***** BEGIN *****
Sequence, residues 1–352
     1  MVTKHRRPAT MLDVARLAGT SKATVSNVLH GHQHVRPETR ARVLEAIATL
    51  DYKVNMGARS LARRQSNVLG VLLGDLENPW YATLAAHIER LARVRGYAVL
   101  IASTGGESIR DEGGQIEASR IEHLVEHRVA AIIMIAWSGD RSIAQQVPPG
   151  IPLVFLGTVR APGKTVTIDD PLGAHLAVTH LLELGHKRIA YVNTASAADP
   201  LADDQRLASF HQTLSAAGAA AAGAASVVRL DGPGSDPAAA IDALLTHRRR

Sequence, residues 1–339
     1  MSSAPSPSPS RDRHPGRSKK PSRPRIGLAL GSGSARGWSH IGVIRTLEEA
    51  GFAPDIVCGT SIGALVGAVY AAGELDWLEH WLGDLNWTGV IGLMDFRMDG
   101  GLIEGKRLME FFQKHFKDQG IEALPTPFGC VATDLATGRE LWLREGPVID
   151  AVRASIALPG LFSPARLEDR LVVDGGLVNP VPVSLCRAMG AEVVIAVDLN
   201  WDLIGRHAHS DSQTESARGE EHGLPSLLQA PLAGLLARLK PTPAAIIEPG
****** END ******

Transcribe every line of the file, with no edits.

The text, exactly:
Sequence, residues 1–352
     1  MVTKHRRPAT MLDVARLAGT SKATVSNVLH GHQHVRPETR ARVLEAIATL
    51  DYKVNMGARS LARRQSNVLG VLLGDLENPW YATLAAHIER LARVRGYAVL
   101  IASTGGESIR DEGGQIEASR IEHLVEHRVA AIIMIAWSGD RSIAQQVPPG
   151  IPLVFLGTVR APGKTVTIDD PLGAHLAVTH LLELGHKRIA YVNTASAADP
   201  LADDQRLASF HQTLSAAGAA AAGAASVVRL DGPGSDPAAA IDALLTHRRR

Sequence, residues 1–339
     1  MSSAPSPSPS RDRHPGRSKK PSRPRIGLAL GSGSARGWSH IGVIRTLEEA
    51  GFAPDIVCGT SIGALVGAVY AAGELDWLEH WLGDLNWTGV IGLMDFRMDG
   101  GLIEGKRLME FFQKHFKDQG IEALPTPFGC VATDLATGRE LWLREGPVID
   151  AVRASIALPG LFSPARLEDR LVVDGGLVNP VPVSLCRAMG AEVVIAVDLN
   201  WDLIGRHAHS DSQTESARGE EHGLPSLLQA PLAGLLARLK PTPAAIIEPG